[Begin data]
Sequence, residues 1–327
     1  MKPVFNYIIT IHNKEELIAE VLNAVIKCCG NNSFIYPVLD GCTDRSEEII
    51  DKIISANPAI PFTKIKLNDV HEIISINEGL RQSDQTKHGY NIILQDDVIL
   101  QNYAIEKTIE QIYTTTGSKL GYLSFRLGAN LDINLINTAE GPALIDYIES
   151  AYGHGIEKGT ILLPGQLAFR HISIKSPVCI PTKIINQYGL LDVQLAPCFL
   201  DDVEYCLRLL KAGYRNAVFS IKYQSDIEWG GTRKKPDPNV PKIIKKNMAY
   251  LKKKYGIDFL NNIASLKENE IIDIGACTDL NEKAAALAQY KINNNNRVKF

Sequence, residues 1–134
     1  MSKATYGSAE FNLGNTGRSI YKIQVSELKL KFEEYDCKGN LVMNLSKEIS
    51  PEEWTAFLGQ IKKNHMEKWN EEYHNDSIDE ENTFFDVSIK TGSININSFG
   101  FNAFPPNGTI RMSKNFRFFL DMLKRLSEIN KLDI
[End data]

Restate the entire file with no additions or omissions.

Sequence, residues 1–327
     1  MKPVFNYIIT IHNKEELIAE VLNAVIKCCG NNSFIYPVLD GCTDRSEEII
    51  DKIISANPAI PFTKIKLNDV HEIISINEGL RQSDQTKHGY NIILQDDVIL
   101  QNYAIEKTIE QIYTTTGSKL GYLSFRLGAN LDINLINTAE GPALIDYIES
   151  AYGHGIEKGT ILLPGQLAFR HISIKSPVCI PTKIINQYGL LDVQLAPCFL
   201  DDVEYCLRLL KAGYRNAVFS IKYQSDIEWG GTRKKPDPNV PKIIKKNMAY
   251  LKKKYGIDFL NNIASLKENE IIDIGACTDL NEKAAALAQY KINNNNRVKF

Sequence, residues 1–134
     1  MSKATYGSAE FNLGNTGRSI YKIQVSELKL KFEEYDCKGN LVMNLSKEIS
    51  PEEWTAFLGQ IKKNHMEKWN EEYHNDSIDE ENTFFDVSIK TGSININSFG
   101  FNAFPPNGTI RMSKNFRFFL DMLKRLSEIN KLDI